Looking back, Daisy saw signs of her daughter’s anxiety as early as second grade. But it wasn’t until middle school that her symptoms began making life extra challenging.
“As middle school started, she started to isolate more and was unwilling to put herself into new experiences,” Daisy shared.
Anxiety Doesn’t Always Look Like Anxiety
For Daisy’s daughter, anxiety didn’t look like most people expect it to—fast talking, nervous pacing, etc. Instead, her daughter became withdrawn, afraid to try anything new. She refused to join any extracurricular activities, even ones she seemed interested in.
Eventually, she even stopped participating in family activities she’d previously enjoyed.
“She was fearful of going to restaurants, long car rides, movies, and vacations,” said Daisy. “We went a lot of places without her.”
Signs of School Anxiety
Adelle Cadieux, a clinical pediatric psychologist at Helen DeVos Children’s Hospital, wants parents to know that withdrawing from social situations, an unwillingness to engage in new experiences, and a reluctance to join extracurricular activities are all signs of anxiety — signs parents often miss.
“Your child may not say ‘I’m anxious,’ but may make statements about not wanting to do something or statements about not liking an activity,” says Cadieux.
Cadieux shared some other common symptoms of anxiety at this age:
- School refusal
- Decrease in school performance
- Increase in behavioral problems at school
- Increased irritability
- Increased defiance, at school and socially
- Changes in sleep
- Poor self-esteem
When is it Time to Intervene?
You know it’s time to intervene, says Cadieux, when your child’s anxiety is interfering with their ability to function at school, at home, or socially.
“For example, if getting your child to school each day has become a combat zone, it’s time to intervene,” says Cadieux.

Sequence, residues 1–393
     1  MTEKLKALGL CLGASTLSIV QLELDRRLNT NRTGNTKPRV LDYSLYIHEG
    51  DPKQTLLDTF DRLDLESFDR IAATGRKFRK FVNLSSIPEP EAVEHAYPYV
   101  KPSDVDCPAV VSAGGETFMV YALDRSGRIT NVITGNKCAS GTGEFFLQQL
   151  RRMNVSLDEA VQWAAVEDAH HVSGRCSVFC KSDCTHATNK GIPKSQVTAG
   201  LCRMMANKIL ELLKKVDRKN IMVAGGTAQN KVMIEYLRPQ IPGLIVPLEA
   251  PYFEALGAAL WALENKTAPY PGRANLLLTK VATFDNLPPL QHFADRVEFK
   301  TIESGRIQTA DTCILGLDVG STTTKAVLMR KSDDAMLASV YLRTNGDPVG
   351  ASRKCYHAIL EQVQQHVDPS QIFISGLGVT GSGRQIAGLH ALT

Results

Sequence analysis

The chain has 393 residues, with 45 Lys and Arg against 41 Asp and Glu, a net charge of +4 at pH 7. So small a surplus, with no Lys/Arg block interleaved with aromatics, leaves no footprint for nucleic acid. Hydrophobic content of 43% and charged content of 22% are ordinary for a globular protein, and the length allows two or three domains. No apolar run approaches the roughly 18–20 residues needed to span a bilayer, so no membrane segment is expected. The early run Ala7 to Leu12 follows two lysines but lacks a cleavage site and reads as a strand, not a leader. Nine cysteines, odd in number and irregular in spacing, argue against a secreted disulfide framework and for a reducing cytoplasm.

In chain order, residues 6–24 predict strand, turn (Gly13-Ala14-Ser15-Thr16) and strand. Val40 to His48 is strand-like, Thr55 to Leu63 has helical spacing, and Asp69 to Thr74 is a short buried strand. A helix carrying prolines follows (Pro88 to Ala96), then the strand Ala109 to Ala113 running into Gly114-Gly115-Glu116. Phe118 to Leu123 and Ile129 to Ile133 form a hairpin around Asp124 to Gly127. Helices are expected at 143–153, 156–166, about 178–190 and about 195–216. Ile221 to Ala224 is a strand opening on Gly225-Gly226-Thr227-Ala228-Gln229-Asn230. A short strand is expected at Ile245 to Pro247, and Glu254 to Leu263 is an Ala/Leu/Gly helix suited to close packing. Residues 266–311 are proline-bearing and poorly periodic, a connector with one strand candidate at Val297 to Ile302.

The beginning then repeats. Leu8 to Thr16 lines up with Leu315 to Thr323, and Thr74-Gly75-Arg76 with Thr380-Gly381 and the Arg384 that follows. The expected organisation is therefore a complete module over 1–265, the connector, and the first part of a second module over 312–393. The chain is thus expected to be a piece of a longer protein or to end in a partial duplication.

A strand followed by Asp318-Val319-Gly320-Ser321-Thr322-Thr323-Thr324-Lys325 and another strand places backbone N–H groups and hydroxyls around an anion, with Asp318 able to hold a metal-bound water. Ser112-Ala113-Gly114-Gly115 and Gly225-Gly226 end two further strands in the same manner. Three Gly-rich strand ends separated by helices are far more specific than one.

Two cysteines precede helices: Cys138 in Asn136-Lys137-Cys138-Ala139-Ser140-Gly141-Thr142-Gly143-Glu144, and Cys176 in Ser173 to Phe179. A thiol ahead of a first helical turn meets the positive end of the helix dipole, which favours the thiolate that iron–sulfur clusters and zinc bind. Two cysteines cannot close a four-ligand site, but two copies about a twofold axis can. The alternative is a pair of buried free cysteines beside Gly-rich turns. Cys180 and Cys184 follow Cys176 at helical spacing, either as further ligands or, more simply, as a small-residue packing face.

Additionally, if your child seems to be struggling in school, withdrawing from friends or activities, or generally having a difficult time, you should consider intervening.
How to Help Your Anxious Middle Schooler
Find an undistracted time (in the car, at dinner, or at bedtime) to talk to your child and ask how they’re feeling. But don’t just talk: Being a good listener is vital.
“Try to avoid dismissing the feeling or telling your child they shouldn’t feel that way,” Cadieux recommends. “Acknowledge their feelings. Maybe even repeat what you heard them say so that your child knows you understand.”
If you have tried everything you can think of, and really aren’t sure what to do, it’s time to reach out for additional help, says Cadieux. You can contact a therapist, your pediatrician, or a school counselor.
For Daisy’s daughter, starting therapy, combined with anxiety medication, has been very helpful, and her mom has started to see the light at the end of the tunnel.
“Anxiety may be something she will always have to manage,” says Daisy, “but I am hopeful.”
Wendy Wisner is a freelance writer whose work has appeared in the Washington Post, Family Circle, and Parenting, and is a frequent contributor to Your Teen Magazine at www.YourTeenMag.com.